Tuesday, September 22, 2009

The Last Rose of Summer


A red maple leaf and a pink wild beach rose cross paths this season of the equinox, like one actor pushing another actor off stage. Let’s give the rose one final bow.

Here is Thomas Moore’s, “The Last Rose of Summer” (1805):

’TIS the last rose of summer
Left blooming alone;
All her lovely companions
Are faded and gone;
No flower of her kindred,
No rosebud is nigh,
To reflect back her blushes,
To give sigh for sigh.

I’ll not leave thee, thou lone one!
To pine on the stem;
Since the lovely are sleeping,
Go, sleep thou with them.
Thus kindly I scatter
Thy leaves o’er the bed,
Where thy mates of the garden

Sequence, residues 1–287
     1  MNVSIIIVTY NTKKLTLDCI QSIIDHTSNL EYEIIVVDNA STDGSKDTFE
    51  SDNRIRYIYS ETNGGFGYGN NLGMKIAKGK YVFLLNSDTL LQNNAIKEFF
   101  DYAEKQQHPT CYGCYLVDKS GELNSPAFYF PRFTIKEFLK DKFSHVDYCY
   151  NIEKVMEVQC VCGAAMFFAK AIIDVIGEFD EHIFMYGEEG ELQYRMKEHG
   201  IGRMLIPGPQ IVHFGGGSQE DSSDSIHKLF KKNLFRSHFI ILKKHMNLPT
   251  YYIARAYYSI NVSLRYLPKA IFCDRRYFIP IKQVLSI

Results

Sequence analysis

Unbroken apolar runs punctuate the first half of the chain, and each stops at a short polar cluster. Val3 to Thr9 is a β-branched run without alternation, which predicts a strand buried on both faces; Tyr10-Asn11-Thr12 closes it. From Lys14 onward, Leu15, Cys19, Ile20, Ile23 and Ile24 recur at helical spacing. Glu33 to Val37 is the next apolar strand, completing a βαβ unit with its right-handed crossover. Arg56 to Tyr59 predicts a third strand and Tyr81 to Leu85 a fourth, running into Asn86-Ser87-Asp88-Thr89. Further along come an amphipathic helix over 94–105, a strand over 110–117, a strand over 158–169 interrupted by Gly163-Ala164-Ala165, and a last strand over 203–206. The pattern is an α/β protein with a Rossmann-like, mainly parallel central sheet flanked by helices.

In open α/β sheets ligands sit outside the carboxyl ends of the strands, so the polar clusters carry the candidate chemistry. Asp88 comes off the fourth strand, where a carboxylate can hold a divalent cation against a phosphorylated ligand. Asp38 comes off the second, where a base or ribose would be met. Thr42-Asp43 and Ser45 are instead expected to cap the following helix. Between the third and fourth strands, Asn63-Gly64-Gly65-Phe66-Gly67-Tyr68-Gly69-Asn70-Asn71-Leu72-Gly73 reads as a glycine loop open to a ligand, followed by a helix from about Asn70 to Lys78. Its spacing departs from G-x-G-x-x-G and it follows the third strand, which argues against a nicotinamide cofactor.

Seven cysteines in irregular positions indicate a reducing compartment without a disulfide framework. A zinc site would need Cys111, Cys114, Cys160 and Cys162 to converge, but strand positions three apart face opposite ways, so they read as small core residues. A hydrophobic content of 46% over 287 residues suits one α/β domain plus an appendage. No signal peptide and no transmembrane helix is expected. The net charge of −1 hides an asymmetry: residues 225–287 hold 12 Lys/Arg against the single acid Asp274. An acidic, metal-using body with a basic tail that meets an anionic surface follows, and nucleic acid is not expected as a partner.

Lie scentless and dead.

So soon may I follow,
When friendships decay,
And from Love’s shining circle
The gems drop away.
When true hearts lie withered
And fond ones are flown,
Oh! who would inhabit
This bleak world alone?

4 comments:

John Hayes said...

Lovely photo, & a lovely poem. I've always liked the musical setting for that one.

Jacqueline T Lynch said...

I do, too, it's a beautiful song. I recall Mary O'Hara did an absolutely haunting version of it, probably back in the 1950s. I think I have the LP.

Mattenylou said...

Wonderful poem, it's 100 years old, but still so appropriate for this time of year.

Jacqueline T Lynch said...

Hi, Mattenylou. Yes, the poet seemed to really hit the mark on this one.